The stakes are high as New Zealand looks to put to rest any speculation about the state of its relationship with a key trading partner and a global power player.

The timing of the visit is not ideal, coming just weeks after the horrific shootings in Christchurch, but the importance of the relationship is underscored by the fact Ms Ardern has chosen to go ahead, albeit with a lot shorter trip than originally planned.

“China is a friend”, said Ms Ardern – speaking before she left New Zealand. “And despite our different perspectives, on some issues, our relationship, I believe, it is a mature and resilient one.”

While short at least this visit breaks to ice with China. Time will tell how New Zealand-China relations go as a result of this – on it’s own it’s unlikely to make much difference, but given Ardern’s international prominence over the last few weeks she may be taken more notice of than she would have been earlier.

The US Five Eyes/Huawei threat

It looks like the US is trying to play hardball on deterring Five Eyes allies from using Huawei technology. Is this foe security or economic reasons? Possibly both.

Who would you prefer to have a back door into your data, China or the US? Huawei denies allowing secret access, but we know US technology companies have helped their secret services.

Newsroom:  US delivers Five Eyes threat over Huawei

The United States has delivered the most explicit threat yet to New Zealand’s role in the Five Eyes alliance if it allows Huawei into the 5G network, saying it will not share information with any country which allows the Chinese company into “critical information systems”.

The remarks from US Secretary of State Mike Pompeo call into question claims from Kiwi politicians and officials that outside pressure is not behind a decision to block Huawei equipment from being used by Spark in its 5G network.

The decision, made by the Government Communications Security Bureau late last year, has sparked fears of retaliation from China against New Zealand including a report in the CCP-owned Global Times which suggested Chinese tourists were turning away from the country in protest.

In an interview with Fox Business News, Pompeo said the country had been speaking to other nations to ensure they understood the risk of putting Huawei technology into their infrastructure.

“We can’t forget these systems were designed with the express work alongside the Chinese PLA, their military in China, they are creating real risk for these countries and their systems, the security of their people…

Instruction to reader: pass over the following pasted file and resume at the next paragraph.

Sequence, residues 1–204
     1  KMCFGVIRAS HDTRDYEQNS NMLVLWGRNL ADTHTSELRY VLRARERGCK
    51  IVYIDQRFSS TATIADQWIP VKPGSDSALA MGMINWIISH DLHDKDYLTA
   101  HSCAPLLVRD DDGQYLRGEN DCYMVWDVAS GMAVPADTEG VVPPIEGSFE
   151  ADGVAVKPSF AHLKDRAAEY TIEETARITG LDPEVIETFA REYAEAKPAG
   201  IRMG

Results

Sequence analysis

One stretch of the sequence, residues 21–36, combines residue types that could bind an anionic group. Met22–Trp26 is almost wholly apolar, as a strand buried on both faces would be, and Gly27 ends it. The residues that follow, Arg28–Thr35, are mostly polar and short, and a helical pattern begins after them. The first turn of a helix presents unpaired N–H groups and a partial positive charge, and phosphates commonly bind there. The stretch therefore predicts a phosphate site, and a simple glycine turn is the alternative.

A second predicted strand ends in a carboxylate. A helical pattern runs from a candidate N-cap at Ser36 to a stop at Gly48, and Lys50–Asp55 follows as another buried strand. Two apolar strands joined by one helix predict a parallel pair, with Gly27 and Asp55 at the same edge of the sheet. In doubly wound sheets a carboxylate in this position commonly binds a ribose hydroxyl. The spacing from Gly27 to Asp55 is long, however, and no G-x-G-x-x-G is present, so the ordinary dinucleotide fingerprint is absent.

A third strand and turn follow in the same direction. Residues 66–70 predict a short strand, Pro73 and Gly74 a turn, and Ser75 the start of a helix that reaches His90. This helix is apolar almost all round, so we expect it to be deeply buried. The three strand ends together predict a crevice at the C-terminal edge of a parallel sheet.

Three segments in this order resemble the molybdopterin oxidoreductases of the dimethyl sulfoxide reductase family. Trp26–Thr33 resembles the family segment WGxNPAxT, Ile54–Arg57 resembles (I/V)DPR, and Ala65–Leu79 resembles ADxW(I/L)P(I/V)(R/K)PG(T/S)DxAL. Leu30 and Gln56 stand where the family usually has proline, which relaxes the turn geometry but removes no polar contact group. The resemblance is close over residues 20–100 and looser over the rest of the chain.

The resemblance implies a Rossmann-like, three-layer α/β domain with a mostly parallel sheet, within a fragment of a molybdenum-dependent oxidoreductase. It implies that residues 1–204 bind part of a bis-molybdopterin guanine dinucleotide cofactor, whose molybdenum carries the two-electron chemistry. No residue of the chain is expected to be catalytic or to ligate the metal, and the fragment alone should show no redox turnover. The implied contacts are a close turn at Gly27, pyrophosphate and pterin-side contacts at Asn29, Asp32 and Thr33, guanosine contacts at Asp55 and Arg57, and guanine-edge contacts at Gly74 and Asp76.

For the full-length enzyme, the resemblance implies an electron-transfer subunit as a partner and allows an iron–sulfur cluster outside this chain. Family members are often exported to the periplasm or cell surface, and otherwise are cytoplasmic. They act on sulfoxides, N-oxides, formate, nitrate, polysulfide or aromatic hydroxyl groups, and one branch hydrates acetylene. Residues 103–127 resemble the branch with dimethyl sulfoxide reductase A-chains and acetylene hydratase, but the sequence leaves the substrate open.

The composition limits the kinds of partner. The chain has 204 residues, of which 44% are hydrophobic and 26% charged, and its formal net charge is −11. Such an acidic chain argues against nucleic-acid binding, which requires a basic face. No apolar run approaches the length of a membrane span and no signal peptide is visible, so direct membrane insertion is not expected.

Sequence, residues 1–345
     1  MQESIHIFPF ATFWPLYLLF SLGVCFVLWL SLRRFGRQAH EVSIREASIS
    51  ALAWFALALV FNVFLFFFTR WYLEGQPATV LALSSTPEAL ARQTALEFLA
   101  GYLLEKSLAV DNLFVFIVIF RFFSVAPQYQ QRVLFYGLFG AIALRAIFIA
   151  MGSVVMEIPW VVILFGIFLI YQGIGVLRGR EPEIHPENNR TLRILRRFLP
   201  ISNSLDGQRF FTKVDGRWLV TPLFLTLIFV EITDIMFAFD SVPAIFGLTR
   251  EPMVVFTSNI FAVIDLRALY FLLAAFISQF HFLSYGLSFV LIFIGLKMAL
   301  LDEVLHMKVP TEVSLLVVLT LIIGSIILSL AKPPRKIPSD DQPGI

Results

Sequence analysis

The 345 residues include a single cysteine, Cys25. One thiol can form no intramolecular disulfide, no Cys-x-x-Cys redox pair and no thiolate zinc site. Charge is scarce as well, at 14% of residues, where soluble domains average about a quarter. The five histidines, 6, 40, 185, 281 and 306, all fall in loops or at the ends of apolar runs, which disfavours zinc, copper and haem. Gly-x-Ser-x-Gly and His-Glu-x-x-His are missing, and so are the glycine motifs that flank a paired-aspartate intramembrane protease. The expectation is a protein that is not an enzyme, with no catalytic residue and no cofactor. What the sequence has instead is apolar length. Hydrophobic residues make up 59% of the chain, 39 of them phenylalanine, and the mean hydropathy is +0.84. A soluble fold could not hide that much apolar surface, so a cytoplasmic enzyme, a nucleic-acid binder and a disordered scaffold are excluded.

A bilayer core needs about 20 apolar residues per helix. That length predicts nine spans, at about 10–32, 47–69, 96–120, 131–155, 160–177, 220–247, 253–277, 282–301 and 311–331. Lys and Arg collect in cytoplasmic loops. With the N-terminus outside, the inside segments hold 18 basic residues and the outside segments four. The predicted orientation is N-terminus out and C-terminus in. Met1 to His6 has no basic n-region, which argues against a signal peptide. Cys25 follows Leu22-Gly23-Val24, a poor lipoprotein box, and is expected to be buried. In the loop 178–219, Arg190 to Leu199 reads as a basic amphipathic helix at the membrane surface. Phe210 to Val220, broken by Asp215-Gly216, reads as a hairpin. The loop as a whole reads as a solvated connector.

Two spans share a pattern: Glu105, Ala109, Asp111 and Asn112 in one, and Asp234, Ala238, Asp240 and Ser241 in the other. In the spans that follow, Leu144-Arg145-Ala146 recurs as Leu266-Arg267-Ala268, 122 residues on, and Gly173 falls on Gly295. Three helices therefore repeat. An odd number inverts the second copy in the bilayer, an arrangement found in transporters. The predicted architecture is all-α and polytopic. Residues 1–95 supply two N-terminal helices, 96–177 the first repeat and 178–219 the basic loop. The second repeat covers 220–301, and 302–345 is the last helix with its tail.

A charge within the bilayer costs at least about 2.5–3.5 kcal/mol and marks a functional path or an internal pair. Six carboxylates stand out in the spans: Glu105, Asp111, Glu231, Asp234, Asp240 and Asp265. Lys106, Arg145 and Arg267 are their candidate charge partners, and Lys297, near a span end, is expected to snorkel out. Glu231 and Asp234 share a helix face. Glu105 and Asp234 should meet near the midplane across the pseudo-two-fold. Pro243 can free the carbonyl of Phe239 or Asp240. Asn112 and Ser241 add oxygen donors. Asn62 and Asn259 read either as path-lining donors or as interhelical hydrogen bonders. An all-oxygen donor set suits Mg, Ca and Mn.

“We’re out sharing this information, the knowledge that America has gained through its vast network and making sure countries understand the risk. That’s important – we think they’ll make good decisions when they understand that risk.”

Asked specifically about the risks posed to Americans’ information through alliances like Five Eyes if partners allowed Huawei into their systems, Pompeo said that would be an obstacle to any future relationships.

“If a country adopts this and puts it in some of their critical information systems, we won’t be able to share information with them, we won’t be able to work alongside them.”

Given New Zealand has remained a part of Five Eyes despite allowing Huawei into its 4G and ultra-fast broadband networks, it is unclear how real the threat is – although intelligence officials have acknowledged that 5G networks provide an added layer of risk.

But the secret services of countries are not the only risk to our privacy.

Be very afraid?

If an antacid advertisement pops up after you burp, or a laxative advertisement pops up after you fart, then it may be too late.

The Government may be able tax us on our measured emissions.

UK – “Huawei risk can be managed”

Last November the New Zealand GCSB turned down Spark’s proposal to use Huawei equipment in it’s new 5G network. UK security chiefs say thaat the Huawei risk can be managed.

RNZ (30 November 2018) – Huawei 5G decision: Everything you need to know

The GCSB blocked Spark’s bid to use its equipment in the new 5G network and now the Chinese tech company is seeking an urgent meeting with the government.

GCSB Minister Andrew Little said the decision to turn down the overseas network provider was because the technology was too risky – not because the company is Chinese.

Mr Little won’t reveal what significant national security risks Huawei poses saying the information was classified.

But he said the decision had nothing to do with Huawei’s close ties to the Chinese government.

Paul Buchanan (RNZ 29 November) – Huawei vs Five Eyes: NZ diplomatic ties at centre of dilemma

The Government Communications Security Bureau’s (GCSB) decision to recommend against using Huawei equipment for the 5G rollout because of national security concerns underscores the strategic role commercial telecommunications plays in modern society.